It was a Sunday afternoon in early July, and Jamal Murray had been in Las Vegas for a few days — enough time for the city to wear out anyone.
“I’m a little hung over,” he said, smiling in apology as he tried — unsuccessfully — to remember some details of the post-championship interactions he’d had with Denver Nuggets fans. Murray, the Nuggets’ star point guard, was less than a month removed from helping the franchise win its first N.B.A. championship.
He had spent the previous night feting his friend Alexander Volkanovski, U.F.C.’s featherweight champion, after Volkanovski won U.F.C. 290 to remain undefeated in the 145-pound weight class. Murray had joined him for several hours before the fight and had been struck by how at ease Volkanovski was. The fighter had been happy to laugh and joke with Murray despite an important bout awaiting him later that evening.
“This is like a championship belt for him, right?” Murray said. “He was just so loose about it. It kind of brought me back to, like, I don’t have to take my routine as serious as long as I know how to flip a switch, turn it on and bring it when I need it.”
The lesson could come in handy for Murray as he prepares for his next N.B.A. season, with training camps beginning in about a month. Last week, he went to Sydney to attend U.F.C. 293, where Israel Adesanya lost his middleweight belt to Sean Strickland. Murray planned to spend some time training with Volkanovski while there.
Murray befriended Volkanovski during a visit to Australia last August. They shot a video together, with each one going through the other’s training routines. Murray hit a heavy bag. Volkanovski shot some free throws.
There are superficial differences between the two — Murray is nearly a foot taller than the 5-foot-6 Volkanovski, and Volkanovski is eight years older — but in Murray, Volkanovski saw someone who shared the work ethic and discipline on which he prided himself. Volkanovski instantly took to Murray.
“I’m a Nuggets guy now purely because of our connection,” Volkanovski said in late July, a few weeks after Murray joined him for U.F.C. 290.
Their friendship grew at a challenging time for Murray.
Murray had missed the 2021-22 N.B.A. season as he recovered from a torn anterior cruciate ligament in his left knee. He had to teach himself how to walk again, and he spent days wondering about his basketball future.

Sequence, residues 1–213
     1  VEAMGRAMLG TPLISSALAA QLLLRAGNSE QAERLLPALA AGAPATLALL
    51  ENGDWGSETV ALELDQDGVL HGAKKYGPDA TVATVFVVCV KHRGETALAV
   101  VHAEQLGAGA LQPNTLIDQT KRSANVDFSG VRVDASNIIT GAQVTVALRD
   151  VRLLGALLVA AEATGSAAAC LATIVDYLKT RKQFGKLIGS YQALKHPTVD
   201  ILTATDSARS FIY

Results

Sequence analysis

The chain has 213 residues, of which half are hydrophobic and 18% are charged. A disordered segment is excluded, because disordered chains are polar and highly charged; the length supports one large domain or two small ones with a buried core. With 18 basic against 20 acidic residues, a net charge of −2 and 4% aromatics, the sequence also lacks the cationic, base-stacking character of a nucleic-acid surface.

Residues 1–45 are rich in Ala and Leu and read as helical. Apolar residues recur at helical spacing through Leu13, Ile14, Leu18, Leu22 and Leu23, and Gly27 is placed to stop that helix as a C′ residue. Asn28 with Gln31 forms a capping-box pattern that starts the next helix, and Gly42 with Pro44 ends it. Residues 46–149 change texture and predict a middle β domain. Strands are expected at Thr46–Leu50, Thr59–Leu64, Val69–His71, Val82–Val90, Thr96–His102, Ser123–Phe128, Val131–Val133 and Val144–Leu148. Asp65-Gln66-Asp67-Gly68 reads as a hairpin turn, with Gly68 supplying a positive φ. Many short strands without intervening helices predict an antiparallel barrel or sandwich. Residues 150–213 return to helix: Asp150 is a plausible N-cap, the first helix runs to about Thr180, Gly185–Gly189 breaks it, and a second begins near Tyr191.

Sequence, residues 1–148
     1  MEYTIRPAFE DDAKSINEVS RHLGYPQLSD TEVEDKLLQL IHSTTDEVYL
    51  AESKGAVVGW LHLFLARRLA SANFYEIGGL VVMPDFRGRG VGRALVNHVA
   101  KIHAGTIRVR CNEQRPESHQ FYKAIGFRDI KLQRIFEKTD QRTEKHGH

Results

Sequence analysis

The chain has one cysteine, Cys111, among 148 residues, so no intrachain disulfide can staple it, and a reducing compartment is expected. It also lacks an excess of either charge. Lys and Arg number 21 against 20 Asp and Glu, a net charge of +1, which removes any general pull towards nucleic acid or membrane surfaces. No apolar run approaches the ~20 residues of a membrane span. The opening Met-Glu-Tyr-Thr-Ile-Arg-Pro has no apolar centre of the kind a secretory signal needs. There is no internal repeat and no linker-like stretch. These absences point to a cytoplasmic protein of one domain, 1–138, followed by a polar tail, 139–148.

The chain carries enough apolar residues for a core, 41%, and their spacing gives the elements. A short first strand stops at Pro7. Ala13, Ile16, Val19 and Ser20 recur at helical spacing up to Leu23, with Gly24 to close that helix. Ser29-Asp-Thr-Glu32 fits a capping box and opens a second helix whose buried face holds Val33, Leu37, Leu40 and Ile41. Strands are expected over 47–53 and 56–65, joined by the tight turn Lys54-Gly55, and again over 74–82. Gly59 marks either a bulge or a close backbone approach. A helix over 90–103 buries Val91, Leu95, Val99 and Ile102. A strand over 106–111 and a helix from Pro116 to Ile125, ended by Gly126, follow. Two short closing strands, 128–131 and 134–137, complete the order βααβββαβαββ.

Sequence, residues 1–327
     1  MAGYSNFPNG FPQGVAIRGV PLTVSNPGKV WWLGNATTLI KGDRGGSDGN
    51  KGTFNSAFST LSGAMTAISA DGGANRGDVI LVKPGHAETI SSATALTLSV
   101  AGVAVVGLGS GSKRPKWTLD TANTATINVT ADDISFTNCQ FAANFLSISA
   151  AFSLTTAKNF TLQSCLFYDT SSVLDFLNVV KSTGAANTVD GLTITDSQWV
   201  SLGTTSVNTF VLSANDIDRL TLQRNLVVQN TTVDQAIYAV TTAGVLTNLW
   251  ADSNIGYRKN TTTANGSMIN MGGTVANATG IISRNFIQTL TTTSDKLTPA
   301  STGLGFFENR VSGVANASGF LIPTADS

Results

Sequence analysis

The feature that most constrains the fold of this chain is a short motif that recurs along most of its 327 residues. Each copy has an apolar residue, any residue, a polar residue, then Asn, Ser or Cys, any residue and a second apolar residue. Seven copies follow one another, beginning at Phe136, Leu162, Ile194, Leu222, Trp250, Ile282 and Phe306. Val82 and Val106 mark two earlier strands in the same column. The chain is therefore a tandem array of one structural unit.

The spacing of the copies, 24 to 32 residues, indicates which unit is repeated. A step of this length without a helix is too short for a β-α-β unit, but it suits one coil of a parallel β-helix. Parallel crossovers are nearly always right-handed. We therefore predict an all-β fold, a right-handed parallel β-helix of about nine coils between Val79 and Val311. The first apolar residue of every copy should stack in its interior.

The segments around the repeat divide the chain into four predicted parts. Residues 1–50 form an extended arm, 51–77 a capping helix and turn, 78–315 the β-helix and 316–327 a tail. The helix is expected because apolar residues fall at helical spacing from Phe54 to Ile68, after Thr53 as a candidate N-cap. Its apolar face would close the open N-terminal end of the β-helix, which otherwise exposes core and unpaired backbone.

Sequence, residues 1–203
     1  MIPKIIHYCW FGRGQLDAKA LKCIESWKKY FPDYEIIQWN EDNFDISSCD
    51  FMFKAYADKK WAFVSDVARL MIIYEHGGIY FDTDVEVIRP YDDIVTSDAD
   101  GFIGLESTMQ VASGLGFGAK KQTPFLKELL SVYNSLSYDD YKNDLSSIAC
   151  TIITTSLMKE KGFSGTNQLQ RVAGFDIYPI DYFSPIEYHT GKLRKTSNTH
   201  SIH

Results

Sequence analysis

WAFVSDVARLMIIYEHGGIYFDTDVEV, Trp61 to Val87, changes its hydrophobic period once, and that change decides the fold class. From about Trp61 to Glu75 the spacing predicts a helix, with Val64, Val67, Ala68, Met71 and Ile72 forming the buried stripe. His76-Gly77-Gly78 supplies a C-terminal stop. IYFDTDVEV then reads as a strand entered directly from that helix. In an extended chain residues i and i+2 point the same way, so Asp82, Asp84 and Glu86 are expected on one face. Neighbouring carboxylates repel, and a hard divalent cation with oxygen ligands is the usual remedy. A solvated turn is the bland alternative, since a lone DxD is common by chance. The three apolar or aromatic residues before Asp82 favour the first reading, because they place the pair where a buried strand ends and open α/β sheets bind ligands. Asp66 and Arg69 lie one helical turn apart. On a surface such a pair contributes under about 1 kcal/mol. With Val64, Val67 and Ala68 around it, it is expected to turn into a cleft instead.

Nuggets Coach Michael Malone later recalled that Murray, with tears in his eyes, had asked if the Nuggets were going to trade him because of his injury.
In the fall of 2022, Murray began playing N.B.A. basketball again.
Denver had the best record in the Western Conference for most of the season. As Murray grew more comfortable, he and Nikola Jokic, the team’s star center, became a fearsome tandem. During the playoffs, they became the first teammates to have triple-doubles with at least 30 points in the same game.
“I’m still coming back, though,” Murray said in July. “I didn’t have a full off-season to recover. Or train on what I wanted to. My whole last summer was just working on my strength here.”
He patted his knee.
“And that was it. I didn’t get to work on my game.”
He had thrown himself into his return, and he had also been gravely serious about his pregame routine, leaving no time for levity.
The Nuggets won the N.B.A. championship in June, beating the Miami Heat in five games. That final night, as Murray left the arena in Denver, he sat in the passenger seat of a black car and occasionally rolled down his window to greet anyone who wanted to say hello. At one stoplight around 1 a.m., a fan spotted Murray as she was crossing the street. She sprinted over to Murray and hugged him through the car window. Rather than recoil at contact from a stranger, Murray returned the hug, smiling.
“Everybody’s just trying to be a part of the moment, which is really cool,” Murray said.
About four weeks later, he joined Volkanovski for his own championship bout.
There, Murray saw a different style of preparation than the one he’d employed during the season.
“I’ll definitely have my moment throughout my car ride, ‘There’s no way that they’re taking this belt away from me.’ But I’m usually pretty chill,” Volkanovski said. “I’m happy to have a little laugh.”
Volkanovski said he wondered if the violent nature of mixed martial arts might have made Murray more interested in his relaxed demeanor before the fight.
“Probably he could look at that, I mean, like, ‘This guy’s about to go to war and he literally treats it as, like, you know, this is his job, he knows he’ll be fine,’” Volkanovski said. “‘He’s obviously confident in his preparation and all that.’”
While Volkanovski appreciated hearing that Murray sought inspiration from his process, he respects Murray’s process as well.
“Everyone has their own way of preparing for their — whatever they do,” Volkanovski said. “And you can never knock it, because obviously he’s playing some good basketball, so you don’t want to change much.”
In July, Murray stayed for Volkanovski’s post-fight media appearances, then celebrated afterward at a gathering that Shaquille O’Neal also attended. The summer, at least, afforded a chance to unwind.
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